In On Her Majesty’s Secret Service, while at Piz Gloria, Bond sits next to Ruby at dinner, who is having a Daiquiri, and Bond orders a double Bourbon on the rocks.

After Tracy gives Bond a detailed description of what she had for dinner, Bond tells her over the phone that “I had two ham sandwiches with stacks of mustard and half a pint of Harper’s Bourbon on the rocks.The bourbon was better than the ham.”

When Bond meets Marc-Ange to discuss the commando job on Piz Gloria, he “poured himself a stiff Jack Daniel’s sourmash bourbon on the rocks and added some water.”

In You Only Live Twice, Bond, while at the Miyako hotel in Kyoto, Bond orders “a pint of Jack Daniels and a double portion of eggs Benedict to be brought up to his room.”

Fleming himself preferred bourbon to scotch. He had the notion that it was somehow better for his heart as he explained to Richard Hughes: ‘The muscles expand under bourbon; Dikko, but they contract under scotch. ‘ He also suggested that bourbon counteracted the ill-effects of the nicotine in the many cigarettes that he smoked each day. (Foreign Devil: Thirty Years Of Reporting In The Far East by Richard Hughes)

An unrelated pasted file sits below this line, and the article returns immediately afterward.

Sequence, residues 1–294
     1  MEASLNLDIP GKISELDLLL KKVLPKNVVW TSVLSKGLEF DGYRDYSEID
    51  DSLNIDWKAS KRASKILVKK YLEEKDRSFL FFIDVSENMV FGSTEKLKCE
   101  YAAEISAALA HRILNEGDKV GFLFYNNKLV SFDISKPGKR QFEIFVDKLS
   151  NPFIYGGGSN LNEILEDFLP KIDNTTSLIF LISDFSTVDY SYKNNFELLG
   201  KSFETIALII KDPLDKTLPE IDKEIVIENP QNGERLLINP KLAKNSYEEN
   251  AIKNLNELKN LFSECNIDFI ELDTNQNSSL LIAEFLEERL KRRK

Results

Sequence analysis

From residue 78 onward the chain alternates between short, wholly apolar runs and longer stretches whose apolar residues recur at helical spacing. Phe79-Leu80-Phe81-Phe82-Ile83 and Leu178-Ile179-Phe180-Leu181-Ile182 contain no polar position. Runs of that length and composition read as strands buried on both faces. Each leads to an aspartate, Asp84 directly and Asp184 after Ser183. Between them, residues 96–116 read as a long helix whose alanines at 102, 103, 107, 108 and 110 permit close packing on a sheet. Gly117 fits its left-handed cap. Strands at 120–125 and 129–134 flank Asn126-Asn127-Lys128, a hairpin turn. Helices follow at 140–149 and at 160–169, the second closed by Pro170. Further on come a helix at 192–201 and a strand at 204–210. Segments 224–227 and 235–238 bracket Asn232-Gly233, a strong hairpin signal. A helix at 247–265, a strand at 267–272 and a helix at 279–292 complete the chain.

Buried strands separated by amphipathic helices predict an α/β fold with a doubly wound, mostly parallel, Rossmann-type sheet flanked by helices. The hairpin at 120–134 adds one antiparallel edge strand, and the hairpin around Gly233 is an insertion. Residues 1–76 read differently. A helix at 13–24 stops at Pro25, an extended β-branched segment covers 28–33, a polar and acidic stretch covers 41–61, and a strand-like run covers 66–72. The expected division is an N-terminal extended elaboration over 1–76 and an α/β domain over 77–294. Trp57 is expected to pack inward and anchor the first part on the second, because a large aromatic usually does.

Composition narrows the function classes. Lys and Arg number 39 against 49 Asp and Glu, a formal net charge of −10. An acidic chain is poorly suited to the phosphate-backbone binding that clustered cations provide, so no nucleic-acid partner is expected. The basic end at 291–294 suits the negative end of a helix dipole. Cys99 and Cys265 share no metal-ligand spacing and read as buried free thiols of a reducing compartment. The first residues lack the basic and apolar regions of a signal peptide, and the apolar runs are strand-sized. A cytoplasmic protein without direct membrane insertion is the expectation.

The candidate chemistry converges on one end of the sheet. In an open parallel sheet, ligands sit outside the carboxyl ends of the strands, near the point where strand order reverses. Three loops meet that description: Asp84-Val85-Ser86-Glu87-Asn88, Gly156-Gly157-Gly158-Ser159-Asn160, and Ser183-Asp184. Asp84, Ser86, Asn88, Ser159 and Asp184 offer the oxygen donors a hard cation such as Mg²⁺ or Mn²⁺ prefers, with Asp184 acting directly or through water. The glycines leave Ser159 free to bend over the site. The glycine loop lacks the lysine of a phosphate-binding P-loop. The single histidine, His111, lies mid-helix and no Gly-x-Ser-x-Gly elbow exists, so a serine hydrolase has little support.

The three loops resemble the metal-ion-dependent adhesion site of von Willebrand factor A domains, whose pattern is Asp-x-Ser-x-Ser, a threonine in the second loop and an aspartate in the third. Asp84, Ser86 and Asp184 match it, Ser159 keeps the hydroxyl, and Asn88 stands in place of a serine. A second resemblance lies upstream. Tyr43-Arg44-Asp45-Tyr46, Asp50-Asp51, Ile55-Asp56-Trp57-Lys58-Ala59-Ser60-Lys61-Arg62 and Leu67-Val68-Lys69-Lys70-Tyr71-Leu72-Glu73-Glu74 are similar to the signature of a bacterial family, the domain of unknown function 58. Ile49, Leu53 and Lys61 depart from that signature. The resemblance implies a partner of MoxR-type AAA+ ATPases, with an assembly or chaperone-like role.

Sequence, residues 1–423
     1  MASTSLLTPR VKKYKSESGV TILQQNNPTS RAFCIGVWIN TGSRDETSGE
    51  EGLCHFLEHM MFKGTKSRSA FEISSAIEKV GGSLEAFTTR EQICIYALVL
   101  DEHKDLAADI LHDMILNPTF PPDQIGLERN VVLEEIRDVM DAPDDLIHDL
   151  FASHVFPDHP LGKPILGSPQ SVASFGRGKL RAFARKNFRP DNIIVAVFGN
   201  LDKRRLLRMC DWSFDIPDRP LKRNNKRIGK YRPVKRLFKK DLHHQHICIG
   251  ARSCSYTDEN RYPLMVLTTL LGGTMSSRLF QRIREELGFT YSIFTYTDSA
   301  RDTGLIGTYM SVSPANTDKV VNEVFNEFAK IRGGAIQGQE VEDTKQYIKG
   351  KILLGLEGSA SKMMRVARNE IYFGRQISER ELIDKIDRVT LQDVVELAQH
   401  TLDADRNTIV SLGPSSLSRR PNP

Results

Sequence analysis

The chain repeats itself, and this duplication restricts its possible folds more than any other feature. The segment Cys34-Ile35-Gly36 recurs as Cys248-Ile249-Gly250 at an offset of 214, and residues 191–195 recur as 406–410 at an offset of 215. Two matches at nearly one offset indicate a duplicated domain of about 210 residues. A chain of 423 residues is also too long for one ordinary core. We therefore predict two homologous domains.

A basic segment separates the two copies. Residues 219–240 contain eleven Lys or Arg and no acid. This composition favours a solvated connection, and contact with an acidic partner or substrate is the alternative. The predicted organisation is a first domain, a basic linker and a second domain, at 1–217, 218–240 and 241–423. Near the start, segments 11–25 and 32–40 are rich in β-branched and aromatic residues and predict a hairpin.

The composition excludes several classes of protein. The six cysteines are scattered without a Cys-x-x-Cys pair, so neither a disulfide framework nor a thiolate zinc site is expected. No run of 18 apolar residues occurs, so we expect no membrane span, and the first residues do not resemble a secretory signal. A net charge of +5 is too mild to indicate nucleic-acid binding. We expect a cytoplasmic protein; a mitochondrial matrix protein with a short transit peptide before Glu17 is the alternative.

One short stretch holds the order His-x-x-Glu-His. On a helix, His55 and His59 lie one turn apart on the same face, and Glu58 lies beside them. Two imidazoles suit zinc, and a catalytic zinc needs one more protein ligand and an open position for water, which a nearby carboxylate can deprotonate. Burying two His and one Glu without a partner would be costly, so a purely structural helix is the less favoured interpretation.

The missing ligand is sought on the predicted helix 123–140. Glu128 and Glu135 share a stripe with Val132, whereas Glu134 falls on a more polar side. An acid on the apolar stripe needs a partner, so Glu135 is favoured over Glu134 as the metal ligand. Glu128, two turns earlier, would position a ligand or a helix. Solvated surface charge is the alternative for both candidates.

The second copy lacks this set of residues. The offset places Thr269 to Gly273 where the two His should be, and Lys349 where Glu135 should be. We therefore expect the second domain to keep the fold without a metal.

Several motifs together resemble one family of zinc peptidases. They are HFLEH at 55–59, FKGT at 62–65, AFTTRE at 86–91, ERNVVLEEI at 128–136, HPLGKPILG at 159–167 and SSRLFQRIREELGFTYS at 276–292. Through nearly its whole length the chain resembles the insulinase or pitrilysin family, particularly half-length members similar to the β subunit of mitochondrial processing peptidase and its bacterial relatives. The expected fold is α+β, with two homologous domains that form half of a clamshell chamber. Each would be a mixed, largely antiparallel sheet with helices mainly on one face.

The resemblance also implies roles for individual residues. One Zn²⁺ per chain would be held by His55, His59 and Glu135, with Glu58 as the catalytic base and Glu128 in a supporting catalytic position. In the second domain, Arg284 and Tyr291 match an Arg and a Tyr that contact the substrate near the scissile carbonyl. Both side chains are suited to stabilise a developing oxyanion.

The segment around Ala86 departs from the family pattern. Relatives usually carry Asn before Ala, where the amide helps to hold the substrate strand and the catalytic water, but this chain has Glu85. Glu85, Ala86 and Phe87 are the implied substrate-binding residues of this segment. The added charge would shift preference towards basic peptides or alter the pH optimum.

Sadly, history proves out that Mr Fleming’s theories were perhaps not accurate in this case, at least.

Virginia Gentleman Bourbon

In The Spy Who Love Me, when Vivienne Michel is settling in for her intended evening of memories of her life, she prepares by pouring a drink.

There was just one good drink left in the quart of Virginia Gentleman bourbon that had already lasted me two weeks, and I filled one of the best cut-glass tumblers with ice cubes and poured the bourbon over them, shaking the bottle to get out the last drop.

Virginia Gentleman is a brand produced by the A. Smith Bowman Distillery. This article will tell you just about everything you need to know about Virginia Gentleman bourbon, including why it is true bourbon despite being distilled in Virginia, and not Kentucky.

The page notes that since it is from Virginia, and popular around Washington D.C., that:

For foreign ambassadors and distinguished guests of our country who may have tasted only one bourbon in their lives, Virginia Gentleman could well have been that bourbon.

We know Ian Fleming tasted plenty of bourbon in his life, but given his wartime visits, it’s proximity to Washington D.C. might’ve made it one of his earlier brands.




The above images which date from the 1950’s, show two gentlemen being served by an African-American slave. The label was updated in later years to a more acceptable image.

Black and White

In Moonraker, when James Bond stops at the World Without Want in, he orders a large whisky and soda.